Sunday, February 15, 2015

Crafty D-I-Y Tutorial: Adding Patina

Okay. First things first:

Patina (/ˈpætɨnə/ or /pəˈtnə/) is a thin layer that variously forms on the surface of stone; on copperbronze and similar metals (tarnishproduced by oxidation or other chemical processes);[1] on wooden furniture (sheen produced by age, wear, and polishing); or any such acquired change of a surface through age and exposure. Patinas can provide a protective covering to materials that would otherwise be damaged by corrosion or weathering. They may also be aesthetically appealing. 

Alrighty, now that we all know what patina IS, let's talk about how to fake it. In my case, I have been collecting assorted frames of all shapes, colors, ages, and sizes for the past six months, with the intention of creating an epic "instant" antique map collection to hang in my upstairs hallway at the farmhouse. Once I'd gathered a decent stack of frames (sometime around September of 2014), I laid them all out in my yard, spray painted them all gold, and then got too busy to finish this project. (I know. I'm the worst. But I was going to France for four months, so there was a lot in the works. Get off my back!) Anyway, fast forward four months, and I'm finally revisiting this project. 

My dad tackled the challenging task of connecting the dots-- figuring out which maps would fit in which frame with which matting, and piecing the whole collection together. However, because I had spray painted most of my frames gold, they still looked unconvincingly bright and new, despite their antique contents. It just wasn't coming together the way I'd envisioned. So I channeled my incredibly talented friend Danny, who is a professional carpenter and ultra-fancy frame maker, and I decided to add patina to them the way he'd recommended to me way back in 2014. 

Adding patina is unbelievably easy and now I kind of want to patina every surface in my house. 

(Though actually, almost everything in my house is already third or fourth hand and usually very used, so there isn't much that doesn't already have an authentic patina on it...) 

First-- lay out a drop cloth or newspaper to work on, as this project gets a little messy. Then, take a set of keys and enthusiastically whack away at your frame, making little dings, scratches, and indentations.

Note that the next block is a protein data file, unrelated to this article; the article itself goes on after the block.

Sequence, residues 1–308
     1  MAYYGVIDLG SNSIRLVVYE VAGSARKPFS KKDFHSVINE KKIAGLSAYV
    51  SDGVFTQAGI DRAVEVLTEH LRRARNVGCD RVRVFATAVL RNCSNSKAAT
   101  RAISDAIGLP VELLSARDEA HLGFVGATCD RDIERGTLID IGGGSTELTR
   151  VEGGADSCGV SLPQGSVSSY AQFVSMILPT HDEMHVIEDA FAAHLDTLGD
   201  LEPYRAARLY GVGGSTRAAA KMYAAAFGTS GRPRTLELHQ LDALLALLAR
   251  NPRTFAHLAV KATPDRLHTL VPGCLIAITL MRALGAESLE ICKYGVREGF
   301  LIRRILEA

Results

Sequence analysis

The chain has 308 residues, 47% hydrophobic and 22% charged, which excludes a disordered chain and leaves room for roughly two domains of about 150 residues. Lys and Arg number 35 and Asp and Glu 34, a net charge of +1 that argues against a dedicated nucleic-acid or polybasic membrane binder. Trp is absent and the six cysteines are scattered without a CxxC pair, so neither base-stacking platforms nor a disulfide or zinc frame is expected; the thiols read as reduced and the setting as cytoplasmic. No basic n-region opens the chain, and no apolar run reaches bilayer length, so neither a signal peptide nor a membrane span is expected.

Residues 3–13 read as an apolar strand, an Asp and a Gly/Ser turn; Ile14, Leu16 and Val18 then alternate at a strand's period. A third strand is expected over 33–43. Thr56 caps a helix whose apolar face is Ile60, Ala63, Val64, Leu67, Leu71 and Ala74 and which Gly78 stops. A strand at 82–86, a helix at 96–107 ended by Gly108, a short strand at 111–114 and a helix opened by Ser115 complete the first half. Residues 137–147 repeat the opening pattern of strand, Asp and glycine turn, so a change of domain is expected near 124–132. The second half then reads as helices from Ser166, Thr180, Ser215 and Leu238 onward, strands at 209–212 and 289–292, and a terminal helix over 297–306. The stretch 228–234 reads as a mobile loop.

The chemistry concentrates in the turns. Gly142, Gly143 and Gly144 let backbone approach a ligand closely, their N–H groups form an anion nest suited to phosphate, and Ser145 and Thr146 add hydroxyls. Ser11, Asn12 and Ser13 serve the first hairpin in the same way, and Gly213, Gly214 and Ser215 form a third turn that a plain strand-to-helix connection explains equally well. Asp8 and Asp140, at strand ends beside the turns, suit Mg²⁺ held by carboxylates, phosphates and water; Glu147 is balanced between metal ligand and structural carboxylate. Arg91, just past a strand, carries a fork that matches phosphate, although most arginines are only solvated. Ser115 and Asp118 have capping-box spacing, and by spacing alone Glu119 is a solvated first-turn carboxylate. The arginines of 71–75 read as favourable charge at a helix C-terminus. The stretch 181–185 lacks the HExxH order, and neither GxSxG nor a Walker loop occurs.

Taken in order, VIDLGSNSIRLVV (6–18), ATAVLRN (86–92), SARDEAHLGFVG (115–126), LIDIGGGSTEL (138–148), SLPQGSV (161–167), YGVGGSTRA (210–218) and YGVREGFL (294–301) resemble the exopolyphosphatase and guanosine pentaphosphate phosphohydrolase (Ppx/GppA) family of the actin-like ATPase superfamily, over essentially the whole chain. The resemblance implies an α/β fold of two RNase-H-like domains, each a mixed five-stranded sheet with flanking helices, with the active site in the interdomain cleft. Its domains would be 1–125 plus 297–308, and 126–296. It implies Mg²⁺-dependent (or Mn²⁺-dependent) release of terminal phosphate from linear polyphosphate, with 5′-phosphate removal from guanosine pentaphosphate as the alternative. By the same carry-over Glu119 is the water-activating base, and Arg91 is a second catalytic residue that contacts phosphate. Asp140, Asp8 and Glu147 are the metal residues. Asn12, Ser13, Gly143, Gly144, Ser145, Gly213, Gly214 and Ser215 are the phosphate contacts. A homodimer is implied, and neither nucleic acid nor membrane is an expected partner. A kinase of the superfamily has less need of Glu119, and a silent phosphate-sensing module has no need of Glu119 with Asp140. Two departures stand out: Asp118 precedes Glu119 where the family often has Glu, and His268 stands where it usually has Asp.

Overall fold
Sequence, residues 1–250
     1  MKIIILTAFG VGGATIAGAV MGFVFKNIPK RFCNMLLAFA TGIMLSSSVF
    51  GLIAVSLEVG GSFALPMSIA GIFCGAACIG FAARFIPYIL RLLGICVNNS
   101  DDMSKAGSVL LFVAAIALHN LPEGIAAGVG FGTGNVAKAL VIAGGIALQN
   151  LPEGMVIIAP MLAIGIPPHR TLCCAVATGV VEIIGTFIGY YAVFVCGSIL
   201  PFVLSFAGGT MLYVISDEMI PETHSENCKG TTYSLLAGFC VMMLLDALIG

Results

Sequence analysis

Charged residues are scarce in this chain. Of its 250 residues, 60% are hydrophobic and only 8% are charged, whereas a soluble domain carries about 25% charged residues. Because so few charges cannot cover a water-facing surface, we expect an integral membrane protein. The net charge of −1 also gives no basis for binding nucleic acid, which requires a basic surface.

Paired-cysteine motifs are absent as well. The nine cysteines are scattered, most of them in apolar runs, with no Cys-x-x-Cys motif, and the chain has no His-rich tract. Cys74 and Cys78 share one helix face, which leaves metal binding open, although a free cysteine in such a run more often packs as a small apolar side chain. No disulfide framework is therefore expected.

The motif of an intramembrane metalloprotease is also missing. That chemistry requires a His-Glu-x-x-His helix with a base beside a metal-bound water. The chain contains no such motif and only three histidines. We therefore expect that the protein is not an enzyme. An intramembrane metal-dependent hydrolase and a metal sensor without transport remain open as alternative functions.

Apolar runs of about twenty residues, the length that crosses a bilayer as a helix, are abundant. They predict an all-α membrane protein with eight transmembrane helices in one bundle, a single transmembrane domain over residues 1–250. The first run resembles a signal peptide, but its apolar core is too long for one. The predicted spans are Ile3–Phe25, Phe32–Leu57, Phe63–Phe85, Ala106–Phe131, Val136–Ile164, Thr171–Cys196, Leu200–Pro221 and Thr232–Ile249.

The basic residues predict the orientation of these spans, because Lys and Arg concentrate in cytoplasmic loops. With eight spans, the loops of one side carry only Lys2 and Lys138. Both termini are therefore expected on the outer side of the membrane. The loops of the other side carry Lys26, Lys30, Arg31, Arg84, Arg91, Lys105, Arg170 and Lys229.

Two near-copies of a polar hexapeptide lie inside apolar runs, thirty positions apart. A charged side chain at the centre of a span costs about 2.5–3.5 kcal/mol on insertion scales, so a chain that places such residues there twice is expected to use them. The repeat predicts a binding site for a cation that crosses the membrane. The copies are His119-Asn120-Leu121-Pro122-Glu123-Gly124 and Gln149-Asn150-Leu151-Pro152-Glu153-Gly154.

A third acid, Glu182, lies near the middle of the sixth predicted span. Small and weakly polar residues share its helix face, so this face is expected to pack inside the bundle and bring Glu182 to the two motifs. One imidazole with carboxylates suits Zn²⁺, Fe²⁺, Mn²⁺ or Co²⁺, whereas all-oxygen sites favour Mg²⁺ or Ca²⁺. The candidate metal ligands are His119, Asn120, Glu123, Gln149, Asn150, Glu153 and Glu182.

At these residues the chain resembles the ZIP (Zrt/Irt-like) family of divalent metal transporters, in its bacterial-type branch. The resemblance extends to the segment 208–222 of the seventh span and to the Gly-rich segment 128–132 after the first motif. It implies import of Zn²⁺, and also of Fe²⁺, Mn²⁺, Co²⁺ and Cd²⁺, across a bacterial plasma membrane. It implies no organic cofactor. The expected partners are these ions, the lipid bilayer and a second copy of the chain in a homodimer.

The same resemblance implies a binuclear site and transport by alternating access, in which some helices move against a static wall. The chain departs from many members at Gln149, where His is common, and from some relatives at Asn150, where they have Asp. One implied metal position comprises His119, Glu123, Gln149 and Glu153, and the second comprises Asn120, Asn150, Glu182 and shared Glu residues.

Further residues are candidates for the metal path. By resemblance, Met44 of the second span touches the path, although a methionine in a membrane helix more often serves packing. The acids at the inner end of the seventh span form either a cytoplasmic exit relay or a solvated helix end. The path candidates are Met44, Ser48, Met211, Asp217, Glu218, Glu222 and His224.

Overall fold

Then, PUT ON A PAIR OF GLOVES. Latex, rubber-- dealer's choice, but you'll definitely want gloves for this project or you'll be trying to get black paint off your fingers for days. (I'm, like, 90% sure Danny actually mentioned this when he told me how to do this project, but sadly, it only came rushing back to me once I was covered in enamel.) 

Learn from my mistakes!

Now that you're prepared, take a black or dark brown enamel, such as "One-Shot", and using a rag or paper towel, wipe a coat of sure shot uniformly along your frame. Just dip the tip of your rag into the little pot and as more as needed... Less is definitely more in this scenario. Make sure you're paying attention to the sides of the frame too. You don't want to neglect them and then discover that they're still shiny and flawless, nor do you want the enamel to gob up and dry there... 

Do your frame in sections so one area doesn't dry while you're coating another. Pretty much as soon as you've wiped the enamel on, use another clean rag or paper towel to remove the majority of the paint. Remember, you're not meant to pull all of it off-- just the surplus, so that you leave a little bit remaining in the dings and dents you made with your keys. The idea is just to subtley add a little darkness to the otherwise gleaming perfect gold tone, so it looks like it's been around the block a couple of times, and didn't come straight from IKEA. Yes. One of my gold antiqued frames was originally a ultra-sleek modern white Ribba frame from IKEA, but you'd never guess that now, right? 

Once you're finished, let the frame dry for about 30 minutes and you're in like Flynn! 

That's the extent of this tutorial. Now it's time to walk around and see what else I can patina. Danny said you can do this process to pretty much anything-- metal, wood, you name it. 

Go out and make something old! 

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